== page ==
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Re: XBL in CSS

From: Matthew Raymond <mattraymond@earthlink.net>
Date: Tue, 05 Sep 2006 05:40:49 -0400
Message-ID: <44FD4621.40205@earthlink.net>
To: Laurens Holst <lholst@students.cs.uu.nl>
CC: www-style@w3.org

Laurens Holst wrote:
> Matthew Raymond schreef:
>>> And if you want strange effects in a page, I think 
>>> it is acceptable when that requires a transclusion (a Java applet, a 
>>> bit of SVG, etc.)
>>>     
>>    Why would you want to pollute your beautifully semantic (X)HTML with
>> a bunch of markup that's only there for presentational purposes? If the
>> effect isn't important to the content, it makes much more sense to
>> include it via a style sheet binding, especially if this effect is going
>> to be on every web page on your website and you're not using a server
>> based application to build your pages dynamically.
> 
> That makes no sense. You already ‘pollute’ your XML / HTML with 
> reference(s) to style sheet(s), so I do not see the argument here.

   I'm not sure what you mean. You have the <link> and <style> elements,
but those elements aren't in the document body, and you have to have
some way to attach styling to begin with. If you mean the |class| and
|id| attributes, those have purposes other than styling. You have the
|style| attribute, but I personally don't think there should ever have
been a |style| attribute, since it serves no semantic purpose.

> Given that the markup depends on the presence of XBL for its behaviour, 
> it seems strange to me to reference it a. indirectly, and b. from a 
> within a presentation language.

   But the whole point is that the markup and scripted behavior is
presentational rather than semantic. For instance, imagine a <canvas>
element that's used for purely presentational animations. Now think of
how you'd do a different animation for every alternate style, or have an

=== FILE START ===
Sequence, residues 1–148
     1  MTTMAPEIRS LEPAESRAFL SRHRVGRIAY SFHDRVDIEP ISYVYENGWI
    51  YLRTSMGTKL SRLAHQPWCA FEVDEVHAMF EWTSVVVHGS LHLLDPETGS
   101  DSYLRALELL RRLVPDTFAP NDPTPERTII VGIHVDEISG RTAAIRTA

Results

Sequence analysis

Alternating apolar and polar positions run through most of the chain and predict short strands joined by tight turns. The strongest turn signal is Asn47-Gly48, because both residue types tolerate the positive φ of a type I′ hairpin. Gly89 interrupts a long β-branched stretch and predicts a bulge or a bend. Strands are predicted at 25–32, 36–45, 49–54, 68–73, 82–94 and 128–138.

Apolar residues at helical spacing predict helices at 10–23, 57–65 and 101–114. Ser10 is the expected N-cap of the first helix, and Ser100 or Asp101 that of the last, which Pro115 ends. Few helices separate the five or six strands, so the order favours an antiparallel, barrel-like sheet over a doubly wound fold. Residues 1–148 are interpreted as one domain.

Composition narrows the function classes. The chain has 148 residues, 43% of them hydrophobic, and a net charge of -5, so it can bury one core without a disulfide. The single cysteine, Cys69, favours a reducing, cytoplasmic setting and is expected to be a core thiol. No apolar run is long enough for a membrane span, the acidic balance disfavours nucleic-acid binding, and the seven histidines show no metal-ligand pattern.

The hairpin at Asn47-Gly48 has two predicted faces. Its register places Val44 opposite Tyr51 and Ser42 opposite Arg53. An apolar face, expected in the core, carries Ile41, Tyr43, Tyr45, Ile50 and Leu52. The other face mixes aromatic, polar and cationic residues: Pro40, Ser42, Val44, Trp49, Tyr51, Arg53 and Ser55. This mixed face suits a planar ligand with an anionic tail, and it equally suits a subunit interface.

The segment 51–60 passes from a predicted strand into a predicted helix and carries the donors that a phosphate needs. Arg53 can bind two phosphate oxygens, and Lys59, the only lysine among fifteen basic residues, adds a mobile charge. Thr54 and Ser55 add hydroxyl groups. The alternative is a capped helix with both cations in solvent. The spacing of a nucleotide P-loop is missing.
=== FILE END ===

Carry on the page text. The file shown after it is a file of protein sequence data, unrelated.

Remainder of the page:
alternate style that doesn't have the animation. The user wouldn't be
able to change the styling through their browser's page style selection,
so you'd have to rig up some Internet Explorer-esque hack to allow them
an interface to change the style sheet along with the animation type.

   So you see, you claim indirection, but that's because the markup is
associated with a specific style, while you're looking at the markup as
being associated with the document. You wonder why you'd want to bind
from a presentational language, but the whole point is that the markup
is presentational. Think of it as if the XBL binding is an
implementation of a CSS property.

   Now, granted, if there is no presentational purpose to the binding,
or there is considerable behavioral functionality, then you should
probably bind via markup. XBL 2.0 fully supports binding via markup.
There is some potential for misuse, but I don't think it's worth
throwing out the baby with the bathwater.

> In the contrary, I think it makes more sense to refer to the XBL 
> stylesheet directly from the XML (or HTML) file, and let the binding to 
> specific elements be done in the XBL itself (through the ‘element’ 
> attribute).
> 
> This would also keep prevention of the cycle that fantasai mentioned 
> within the XBL domain, and not pull it into the CSS implementations.

   How does Mozilla solve this problem with XBL 1.0?
Received on Tuesday, 5 September 2006 09:41:25 GMT

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